Buried at the public cemetery in Chudleigh, without even a rock to mark the spot, are the graves of convict Isaac Riches and his wife Hannah. Somewhere in the same cemetery, but far away from the Riches grave, is the unmarked grave of John ‘Jackey’ Lambert, the man who murdered them!
Just like Melbourne had Ned Kelly, Deloraine had Jackey Lambert. He looked dangerous -he was a ‘big man, bull-necked, bullet-headed, and low-browed’. He pillaged from his neighbours, stole anything he could get his hands on, from a ‘fat beast to a horseshoe’. He was the prime suspect for the murder the old widow Mrs Young at Red Hills, and some unsolved missing persons cases in the area. It appears he got away with most of it – he only served 7 years at Port Arthur for cattle stealing.
In 1874, Jackey was renting some land and a small hut at Mole Creek, when married couple Isaac and Hannah Riches moved in with him. After several months, the domestic arrangement turned sour, and disputes broke out over money. Jackey had made the couple beneficiaries of his Will, and now Jackey suspected the couple were trying to poison him to get their hands on his money, of which there was allegedly a very tidy sum.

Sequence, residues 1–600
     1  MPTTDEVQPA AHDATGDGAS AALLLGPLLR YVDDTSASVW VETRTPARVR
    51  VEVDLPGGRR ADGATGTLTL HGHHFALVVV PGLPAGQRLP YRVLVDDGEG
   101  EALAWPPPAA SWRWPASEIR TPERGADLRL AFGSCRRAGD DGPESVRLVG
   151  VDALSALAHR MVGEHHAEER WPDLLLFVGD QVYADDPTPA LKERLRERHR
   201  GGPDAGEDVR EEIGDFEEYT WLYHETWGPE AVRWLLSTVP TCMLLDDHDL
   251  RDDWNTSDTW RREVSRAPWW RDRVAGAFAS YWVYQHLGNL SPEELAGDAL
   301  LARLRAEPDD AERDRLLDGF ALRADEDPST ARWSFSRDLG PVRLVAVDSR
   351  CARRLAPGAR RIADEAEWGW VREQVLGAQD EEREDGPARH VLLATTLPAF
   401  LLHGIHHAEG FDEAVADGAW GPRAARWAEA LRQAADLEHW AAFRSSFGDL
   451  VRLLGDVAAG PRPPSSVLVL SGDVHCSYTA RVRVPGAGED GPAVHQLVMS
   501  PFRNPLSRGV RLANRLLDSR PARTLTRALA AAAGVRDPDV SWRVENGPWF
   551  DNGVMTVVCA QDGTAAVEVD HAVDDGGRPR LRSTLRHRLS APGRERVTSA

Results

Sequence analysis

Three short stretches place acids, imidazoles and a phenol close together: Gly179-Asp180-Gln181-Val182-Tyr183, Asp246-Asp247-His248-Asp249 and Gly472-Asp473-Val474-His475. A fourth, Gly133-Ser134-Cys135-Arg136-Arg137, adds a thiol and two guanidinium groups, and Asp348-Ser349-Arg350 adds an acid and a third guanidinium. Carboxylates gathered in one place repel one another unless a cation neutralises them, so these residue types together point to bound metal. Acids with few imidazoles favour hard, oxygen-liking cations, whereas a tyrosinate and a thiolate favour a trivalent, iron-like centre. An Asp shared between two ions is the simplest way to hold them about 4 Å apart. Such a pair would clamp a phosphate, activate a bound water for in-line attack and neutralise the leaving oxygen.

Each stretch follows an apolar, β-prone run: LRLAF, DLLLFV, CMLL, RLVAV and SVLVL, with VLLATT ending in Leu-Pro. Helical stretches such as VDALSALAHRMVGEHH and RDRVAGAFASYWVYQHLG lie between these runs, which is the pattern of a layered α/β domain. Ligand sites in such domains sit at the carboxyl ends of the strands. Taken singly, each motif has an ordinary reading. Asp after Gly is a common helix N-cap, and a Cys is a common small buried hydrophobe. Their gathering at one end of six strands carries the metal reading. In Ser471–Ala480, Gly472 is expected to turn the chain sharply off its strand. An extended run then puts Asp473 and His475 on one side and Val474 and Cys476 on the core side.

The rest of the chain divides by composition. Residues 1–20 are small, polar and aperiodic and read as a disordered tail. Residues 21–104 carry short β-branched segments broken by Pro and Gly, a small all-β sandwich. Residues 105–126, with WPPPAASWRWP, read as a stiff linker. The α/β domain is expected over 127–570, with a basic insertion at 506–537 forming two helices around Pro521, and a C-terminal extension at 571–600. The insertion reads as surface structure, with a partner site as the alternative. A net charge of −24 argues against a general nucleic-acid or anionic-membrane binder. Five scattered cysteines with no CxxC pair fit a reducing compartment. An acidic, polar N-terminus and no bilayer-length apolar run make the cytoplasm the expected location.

On 3 November, 1875 a neighbouring farmer, James How, found Jackey hanging from a tree and quite dead. He was impeccably dressed – wearing white moleskin trousers and a clean cotton shirt, all freshly laundered without a drop of blood on them. His feet were bare, and not a skerrick of mud or dirt on them.
Inside Jackey’s hut, he found Hannah in a pool of blood and beaten to death on the floor, and Isaac beaten and unconscious on the bed. No medical man in the area would come to Isaac’s aid because of the stormy weather! Isaac died soon after.
The subsequent investigation found that Jackey had attacked the couple with an iron bar, and that he must have changed his clothes, before hanging himself from a tree. His blood splattered clothes, his boots and his apparent fortune were never found. The ash in the fireplace was checked thoroughly, as was the hut and surrounding farm.
It was thought that Jackey had a secret cave in the area, which he used to hide stolen property, among other things. The Daily Telegraph April 18, 1914 reported that “If Jackey really had a secret cave, I fancy the entrance to it was from Mole Creek, but there may be a dry upper chamber in the cave where he kept stolen property, and perhaps the skeletons of a few who disappeared in the locality and were never again heard of”.
The Daily Telegraph 8 June 1895 suggested that the ‘Limestone holes about the old place would be worth prospecting’. To this day Jackey’s stash has not been discovered!
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